2. Means for attaching a layer of synthetic sponge material and a layer of detergent comprising, a first coating on said layer of sponge material, said first coating comprising a water insoluble polyisobutylene adhesive; a flexible water impermeable lamina fastened to said layer of sponge material by said first coating, said lamina comprising a polyethylene terephthalate film having a thickness of between .25 and 5 mils; and a second coating on said lamina, said second coating comprising a water insoluble pressure sensitive polyisobutylene adhesive having a thickness between about 0.25 to 5 mils; said layer of detergent being fastened to said water impermeable barrier by said second coating; and said layer of detergent comprising a detergent material selected from the group consisting of normally solid water soluble soaps of higher fatty acids having an average of 8 to 20 carbon atoms, normally solid water soluble synthetic organic detergents having an average of 8 to 20 carbon atoms, and mixtures thereof.

3. Means for attaching a layer of synthetic sponge material and a layer of detergent comprising a first coating on said layer of sponge material, said first coating comprising a water insoluble polyisobutylene adhesive; a thin, flexible water impermeable lamina fastened to said layer of sponge material by said first coating said lamina comprising a synthetic organic plastic film having a thickness of about one mil and a water absorbing capacity of less than 0.5 percent; and a second coating on said lamina, said second coating comprising a water insoluble pressure sensitive polyisobutylene adhesive having a thickness of about one mil; said layer of detergent being fastened to said water impermeable barrier by said second coating; and said layer of detergent comprising a detergent material selected from the group consisting of normally solid water soluble soaps of higher fatty acids having an average of 8 to 20 carbon atoms, normally solid water soluble synthetic organic detergents having an average of 8 to 20 carbon atoms, and mixtures thereof.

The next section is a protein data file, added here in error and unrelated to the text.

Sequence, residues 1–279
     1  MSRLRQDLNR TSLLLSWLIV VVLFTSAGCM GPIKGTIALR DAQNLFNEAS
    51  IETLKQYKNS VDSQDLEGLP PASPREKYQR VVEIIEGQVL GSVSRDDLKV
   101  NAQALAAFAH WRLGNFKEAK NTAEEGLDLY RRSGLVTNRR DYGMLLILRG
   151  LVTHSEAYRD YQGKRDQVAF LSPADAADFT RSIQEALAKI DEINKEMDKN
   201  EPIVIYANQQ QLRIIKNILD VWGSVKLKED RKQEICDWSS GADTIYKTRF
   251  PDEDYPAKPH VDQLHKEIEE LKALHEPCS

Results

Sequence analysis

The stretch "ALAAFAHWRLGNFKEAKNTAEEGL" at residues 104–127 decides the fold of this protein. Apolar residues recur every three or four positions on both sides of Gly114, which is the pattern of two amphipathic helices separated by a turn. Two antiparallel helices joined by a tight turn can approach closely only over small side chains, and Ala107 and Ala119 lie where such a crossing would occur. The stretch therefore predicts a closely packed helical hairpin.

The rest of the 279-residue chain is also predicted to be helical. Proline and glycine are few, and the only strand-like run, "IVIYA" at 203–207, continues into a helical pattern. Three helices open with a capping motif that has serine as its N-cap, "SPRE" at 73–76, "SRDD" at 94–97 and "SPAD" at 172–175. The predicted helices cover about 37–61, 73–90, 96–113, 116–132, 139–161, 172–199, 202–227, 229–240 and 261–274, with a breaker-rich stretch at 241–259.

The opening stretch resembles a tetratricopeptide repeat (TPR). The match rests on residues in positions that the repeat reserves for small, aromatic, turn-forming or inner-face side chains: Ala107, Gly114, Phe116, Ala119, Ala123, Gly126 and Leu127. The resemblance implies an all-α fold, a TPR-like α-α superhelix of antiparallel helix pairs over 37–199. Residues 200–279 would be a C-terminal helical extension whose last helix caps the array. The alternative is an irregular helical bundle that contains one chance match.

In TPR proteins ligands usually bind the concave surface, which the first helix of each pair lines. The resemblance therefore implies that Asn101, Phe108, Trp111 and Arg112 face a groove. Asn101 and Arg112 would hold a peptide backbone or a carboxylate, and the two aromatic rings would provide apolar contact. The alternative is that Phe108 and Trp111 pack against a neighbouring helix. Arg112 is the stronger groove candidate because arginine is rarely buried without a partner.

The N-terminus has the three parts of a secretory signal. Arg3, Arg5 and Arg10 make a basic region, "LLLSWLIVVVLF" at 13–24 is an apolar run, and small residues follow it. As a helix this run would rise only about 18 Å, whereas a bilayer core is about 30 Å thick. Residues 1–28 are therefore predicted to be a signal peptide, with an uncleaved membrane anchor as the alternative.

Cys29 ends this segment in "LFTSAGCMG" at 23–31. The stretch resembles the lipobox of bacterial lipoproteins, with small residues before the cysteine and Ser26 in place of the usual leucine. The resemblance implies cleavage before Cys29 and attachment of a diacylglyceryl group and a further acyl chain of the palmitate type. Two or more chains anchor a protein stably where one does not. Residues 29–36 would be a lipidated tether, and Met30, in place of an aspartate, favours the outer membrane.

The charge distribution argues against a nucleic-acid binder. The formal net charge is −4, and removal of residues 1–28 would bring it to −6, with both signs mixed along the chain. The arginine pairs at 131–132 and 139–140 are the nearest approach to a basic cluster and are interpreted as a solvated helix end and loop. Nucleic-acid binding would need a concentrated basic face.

4. Means for attaching a layer of synthetic sponge material and a layer of detergent comprising a first coating on said layer of sponge material, said first coating comprising a water insoluble adhesive; a flexible, water impermeable lamina fastened to said layer of sponge material by said first coating of Water insoluble adhesive; and a second coating on said lamina, said second coating comprising a Water insoluble adhesive; said layer of detergent being fastened to said Water impermeable barrier by said second coating; and said layer of detergent comprising a detergent material selected from the group consisting of normally solid water soluble soaps of higher fatty acids having an average of 8 to 20 carbon atoms, normally solid water soluble synthetic organic detergents having an average of 8 to 20 carbon atoms, and mixtures thereof.

5. Means for attaching a layer of synthetic sponge to a layer of detergent so strongly that the layers are not separated during use, said detergent comprising a detergent material selected from the group consisting of solid water soluble soaps of higher fatty acids having an average of 8 to 20 carbon atoms, water soluble synthetic organi detergents having an average of 8 to 20 carbon atoms, and mixtures thereof; said means comprising a layer of a water insoluble, pressure sensitive adhesive on said detergent cake, a thin, flexible, water impermeable, synthetic organic plastic lamina fastened to said detergent material by said layer of Water insoluble, pressure sensitive adhesive and a second layer comprising a Water insoluble adhesive on said Water impermeable film; said synthetic sponge being fastened by said second layer to said water impermeable barrier.

6. An article of manufacture comprising, a layer of sponge material having thereon a Water insoluble adhesive coating, a thin, flexible, Water impermeable, synthetic organic polymer lamina fastened to said layer of synthetic sponge by said water insoluble coating, a Water insoluble pressure sensitive adhesive coating on said Water impermeable lamina, and a layer of detergent material attached to said water impermeable lamina by said water insoluble pressure sensitive adhesive, said layer of detergent comprising a detergent material selected from the group consisting of normally solid water soluble soaps of higher fatty acids having an average of 8 to 20 carbon atoms, normally solid water soluble synthetic organic detergents having an average of 8 to 80 carbon atoms, and mixtures thereof.

References Cited by the Examiner UNITED STATES PATENTS CHARLES A. WILLMUTH, Primary Examiner.

R. L. BLEUTGE, Assistant Examiner.

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Classifications
U.S. Classification401/19, 15/104.94, 510/142, 401/88, 15/244.1, 510/440
International ClassificationA47K7/03, A47K7/02
Cooperative ClassificationA47K7/03
European ClassificationA47K7/03